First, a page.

“The proportion of older Singaporeans who could meet their monthly household expenses and have some money left over increased by about half to 30 per cent from 2009 to 2017, a local study has found” (More Older Singaporeans Meeting Daily Expenses, Felicia Choo).
While “the proportion of older Singaporeans who could meet their monthly household expenses and have some money left over increased by about half to 30 per cent from 2009 to 2017” (ST, May 10), the fact that 70.5 per cent of the 4,500 Singaporeans and permanent residents surveyed – aged 60 and above – believe that they have not been able to adequately meet their daily expenses warrants a deeper examination of the extent to which the elderly in the country are actually financially strapped, whether the combination of individual savings or personal income sources with familial and governmental support remains sustainable, and if there are serious systemic issues to be addressed. And if the cited factors for increased financial inadequacy, by the researchers, include the higher costs of living and rising healthcare expenses, for instance, what are the policies or strategies which might help alleviate the financial situation?
Ascertaining if older Singaporeans are able to meet daily expenses is even more important, given that the survey is based on self-report perceptions which is likely to be riddled with bias. Being more precise with the budgets, income, and expenses will also provide useful information for the design of future interventions. And in addition to the proposed measurement of consumption or expenditure patterns, it would be meaningful – notwithstanding research or logistical limitations – to study: First, how these patterns change over time; second, the groups of elderly, based on demographics besides age and gender, socio-economic and family background, as well as work and healthcare status, which are most vulnerable to income inadequacy (in essence, comparing those who cope well with those who do not); and third, the types of support which are positively related to psychological well-being and other quality of life indicators.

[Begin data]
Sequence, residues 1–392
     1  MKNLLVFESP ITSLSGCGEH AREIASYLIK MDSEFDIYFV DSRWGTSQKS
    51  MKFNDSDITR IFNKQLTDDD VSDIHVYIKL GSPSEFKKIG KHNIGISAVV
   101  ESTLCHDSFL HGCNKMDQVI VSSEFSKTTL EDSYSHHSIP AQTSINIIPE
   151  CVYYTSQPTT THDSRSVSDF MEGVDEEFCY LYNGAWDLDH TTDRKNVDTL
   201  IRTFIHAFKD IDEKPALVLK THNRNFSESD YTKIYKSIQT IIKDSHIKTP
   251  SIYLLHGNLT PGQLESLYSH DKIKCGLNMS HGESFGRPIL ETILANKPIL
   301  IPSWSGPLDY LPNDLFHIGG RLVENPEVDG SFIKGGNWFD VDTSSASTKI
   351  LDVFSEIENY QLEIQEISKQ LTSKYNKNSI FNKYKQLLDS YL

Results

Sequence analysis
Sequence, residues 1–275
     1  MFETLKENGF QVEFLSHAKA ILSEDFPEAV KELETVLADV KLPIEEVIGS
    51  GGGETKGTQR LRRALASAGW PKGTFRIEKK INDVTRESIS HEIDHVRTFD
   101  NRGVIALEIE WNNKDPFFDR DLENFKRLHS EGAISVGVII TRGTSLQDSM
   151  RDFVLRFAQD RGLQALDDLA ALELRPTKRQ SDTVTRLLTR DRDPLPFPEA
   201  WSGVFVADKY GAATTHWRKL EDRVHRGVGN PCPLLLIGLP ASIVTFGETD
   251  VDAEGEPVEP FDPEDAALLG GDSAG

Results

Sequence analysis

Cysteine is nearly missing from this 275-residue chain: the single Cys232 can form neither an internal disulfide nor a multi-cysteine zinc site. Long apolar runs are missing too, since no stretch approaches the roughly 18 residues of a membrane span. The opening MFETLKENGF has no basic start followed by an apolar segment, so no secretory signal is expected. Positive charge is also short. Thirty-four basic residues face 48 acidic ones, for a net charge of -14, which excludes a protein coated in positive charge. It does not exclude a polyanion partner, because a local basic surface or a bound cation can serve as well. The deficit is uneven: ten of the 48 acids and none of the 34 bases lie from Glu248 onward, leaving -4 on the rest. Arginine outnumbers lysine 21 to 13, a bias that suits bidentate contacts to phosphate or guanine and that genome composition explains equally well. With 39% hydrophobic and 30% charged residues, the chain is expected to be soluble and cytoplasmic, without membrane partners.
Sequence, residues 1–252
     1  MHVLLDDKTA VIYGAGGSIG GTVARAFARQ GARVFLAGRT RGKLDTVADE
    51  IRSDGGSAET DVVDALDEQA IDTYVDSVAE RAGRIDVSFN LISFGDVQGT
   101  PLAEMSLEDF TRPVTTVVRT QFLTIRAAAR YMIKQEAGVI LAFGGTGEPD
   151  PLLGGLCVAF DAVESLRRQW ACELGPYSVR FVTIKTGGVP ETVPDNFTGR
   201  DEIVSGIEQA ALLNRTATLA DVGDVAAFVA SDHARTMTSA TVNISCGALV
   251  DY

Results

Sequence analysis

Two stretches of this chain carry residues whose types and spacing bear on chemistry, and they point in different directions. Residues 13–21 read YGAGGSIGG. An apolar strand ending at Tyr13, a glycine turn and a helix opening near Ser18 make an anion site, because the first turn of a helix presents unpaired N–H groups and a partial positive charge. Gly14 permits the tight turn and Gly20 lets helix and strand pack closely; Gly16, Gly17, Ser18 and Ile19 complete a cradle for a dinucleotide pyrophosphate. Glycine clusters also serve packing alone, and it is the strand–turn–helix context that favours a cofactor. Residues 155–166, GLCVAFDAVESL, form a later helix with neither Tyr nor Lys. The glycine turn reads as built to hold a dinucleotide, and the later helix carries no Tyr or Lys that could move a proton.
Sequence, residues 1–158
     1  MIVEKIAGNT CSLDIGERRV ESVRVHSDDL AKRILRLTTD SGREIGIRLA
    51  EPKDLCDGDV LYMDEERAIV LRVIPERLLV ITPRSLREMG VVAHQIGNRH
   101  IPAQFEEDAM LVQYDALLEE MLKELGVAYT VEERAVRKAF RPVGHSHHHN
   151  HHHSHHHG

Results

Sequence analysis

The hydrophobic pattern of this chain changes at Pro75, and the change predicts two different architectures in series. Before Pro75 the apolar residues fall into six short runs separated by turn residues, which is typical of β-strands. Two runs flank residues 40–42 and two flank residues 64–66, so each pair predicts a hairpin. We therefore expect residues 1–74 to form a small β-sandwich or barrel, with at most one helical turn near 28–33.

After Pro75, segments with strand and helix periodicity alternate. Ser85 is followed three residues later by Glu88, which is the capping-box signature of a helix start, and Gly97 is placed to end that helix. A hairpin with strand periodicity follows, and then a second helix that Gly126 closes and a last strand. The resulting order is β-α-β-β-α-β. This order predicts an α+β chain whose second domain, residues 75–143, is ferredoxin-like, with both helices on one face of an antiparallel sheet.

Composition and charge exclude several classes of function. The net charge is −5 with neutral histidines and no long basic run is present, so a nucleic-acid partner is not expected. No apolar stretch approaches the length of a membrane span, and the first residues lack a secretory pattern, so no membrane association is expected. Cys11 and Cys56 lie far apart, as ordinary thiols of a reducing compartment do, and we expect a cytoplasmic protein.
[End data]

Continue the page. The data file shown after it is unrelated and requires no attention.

Even more broadly, with a much better understanding of consumption or expenditure patterns, stakeholders would also have an interest in the family, social, and community networks which surround older Singaporeans, how these various networks would change given an ageing population, and whether the government – assisted by different organisations – is well-positioned to effectively meet these changing demands. Because while finances are critical, there is more which defines a good life, especially as one ages. In this vein, an active research and policy process of soliciting first-hand perspectives will yield insights about lived experiences and the day-to-day highlights or struggles, and at the same time prompt more to pay even more attention to those who might be marginalised or disadvantaged.
A version of this article was published in The Straits Times.